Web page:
#TheExperienceReport: What Nigerian acts can learn from the foreign acts

When veteran worshippers, Don Moen, Donnie McClurkin, Cece Winans came up to lead worship yesterday, they understood a crucial need: we were here to worship, together. We wanted to sing, we wanted to dance, we wanted to be part of a collective spiritual experience.

It wasn’t really a concert – the way that Tim Godfrey’s excellent Fearless event is a concert – it was a worship experience.

So they sang the songs that we know, that we have come to love, that would facilitate our connection with the worship. Winans sang King of Kings, Alabaster Box… the entire hit list. Don Moen did God Will Make A Way, Give Thanks, I Just Want To Be Where You Are, God is Good All the Time. Micah Stampley and McClurkin took it a step further and performed favorite Nigerian worship songs – especially from Nathaniel Bassey, which was a gift since he was sadly away.

Unfortunately, the Nigerian acts treated it sometimes as a showcase for new songs or for dexterity, either singing songs people couldn’t connect with, or bending their songs for effect.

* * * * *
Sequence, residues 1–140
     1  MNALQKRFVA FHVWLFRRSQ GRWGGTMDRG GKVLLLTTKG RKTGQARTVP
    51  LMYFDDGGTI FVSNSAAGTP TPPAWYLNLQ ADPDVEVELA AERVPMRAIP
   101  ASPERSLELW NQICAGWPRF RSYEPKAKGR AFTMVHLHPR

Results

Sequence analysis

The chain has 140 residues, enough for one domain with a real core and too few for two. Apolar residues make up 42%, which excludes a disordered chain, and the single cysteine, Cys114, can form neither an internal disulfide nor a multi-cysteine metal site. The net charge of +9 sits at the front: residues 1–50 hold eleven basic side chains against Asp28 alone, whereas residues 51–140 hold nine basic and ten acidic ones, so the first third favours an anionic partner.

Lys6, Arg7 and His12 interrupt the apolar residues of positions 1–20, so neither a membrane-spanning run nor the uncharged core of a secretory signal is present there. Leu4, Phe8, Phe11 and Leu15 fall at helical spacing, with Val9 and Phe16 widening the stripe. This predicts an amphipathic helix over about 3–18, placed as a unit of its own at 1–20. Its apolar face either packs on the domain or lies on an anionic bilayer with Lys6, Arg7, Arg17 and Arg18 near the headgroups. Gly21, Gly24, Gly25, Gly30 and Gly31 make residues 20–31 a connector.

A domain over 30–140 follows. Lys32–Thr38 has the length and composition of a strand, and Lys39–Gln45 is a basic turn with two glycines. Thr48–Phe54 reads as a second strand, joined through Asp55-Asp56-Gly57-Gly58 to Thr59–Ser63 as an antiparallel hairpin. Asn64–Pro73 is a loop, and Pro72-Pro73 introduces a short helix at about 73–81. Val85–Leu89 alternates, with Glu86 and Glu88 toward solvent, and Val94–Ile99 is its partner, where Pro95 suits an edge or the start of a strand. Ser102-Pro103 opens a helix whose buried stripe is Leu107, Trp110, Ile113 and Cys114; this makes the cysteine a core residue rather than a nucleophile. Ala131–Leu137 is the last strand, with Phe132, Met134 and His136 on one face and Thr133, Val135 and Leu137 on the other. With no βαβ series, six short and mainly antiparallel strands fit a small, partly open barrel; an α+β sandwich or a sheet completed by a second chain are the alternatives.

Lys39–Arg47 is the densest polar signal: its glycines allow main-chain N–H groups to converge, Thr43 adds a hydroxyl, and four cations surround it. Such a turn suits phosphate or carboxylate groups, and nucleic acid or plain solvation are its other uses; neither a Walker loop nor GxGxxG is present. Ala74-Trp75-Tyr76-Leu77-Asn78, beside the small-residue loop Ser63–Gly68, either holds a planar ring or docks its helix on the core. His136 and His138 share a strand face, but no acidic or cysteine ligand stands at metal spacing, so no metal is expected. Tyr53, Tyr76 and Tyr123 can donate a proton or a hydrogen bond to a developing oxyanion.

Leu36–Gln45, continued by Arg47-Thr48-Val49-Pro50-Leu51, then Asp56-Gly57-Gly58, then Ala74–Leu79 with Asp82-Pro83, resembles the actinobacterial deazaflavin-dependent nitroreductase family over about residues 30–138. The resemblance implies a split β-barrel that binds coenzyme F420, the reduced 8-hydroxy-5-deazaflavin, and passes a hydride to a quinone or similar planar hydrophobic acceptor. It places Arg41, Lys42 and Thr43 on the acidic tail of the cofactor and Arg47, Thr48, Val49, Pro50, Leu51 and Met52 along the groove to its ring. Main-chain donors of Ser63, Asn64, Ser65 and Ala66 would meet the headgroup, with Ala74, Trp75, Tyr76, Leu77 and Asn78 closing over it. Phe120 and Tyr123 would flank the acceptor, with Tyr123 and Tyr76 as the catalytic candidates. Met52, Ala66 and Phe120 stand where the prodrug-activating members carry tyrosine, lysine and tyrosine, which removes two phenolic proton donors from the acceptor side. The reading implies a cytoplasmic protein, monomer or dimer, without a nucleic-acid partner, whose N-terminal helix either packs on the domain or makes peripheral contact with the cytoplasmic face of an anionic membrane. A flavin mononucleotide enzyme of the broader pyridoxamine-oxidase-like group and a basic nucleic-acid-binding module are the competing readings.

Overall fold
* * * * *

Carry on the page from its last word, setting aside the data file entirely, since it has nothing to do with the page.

The only effect sadly was that it left the audience largely unable to connect.

The lesson is simple really: This is not the venue to popularize new songs. This is an annual festival. It is the place to share already popular songs. Hits never go old in a spiritual context like this one. They are in fact the reason for the coming together.

The reason is corporate worship, not individual talent. Let us reason together.

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cool good eh love2 cute confused notgood numb disgusting fail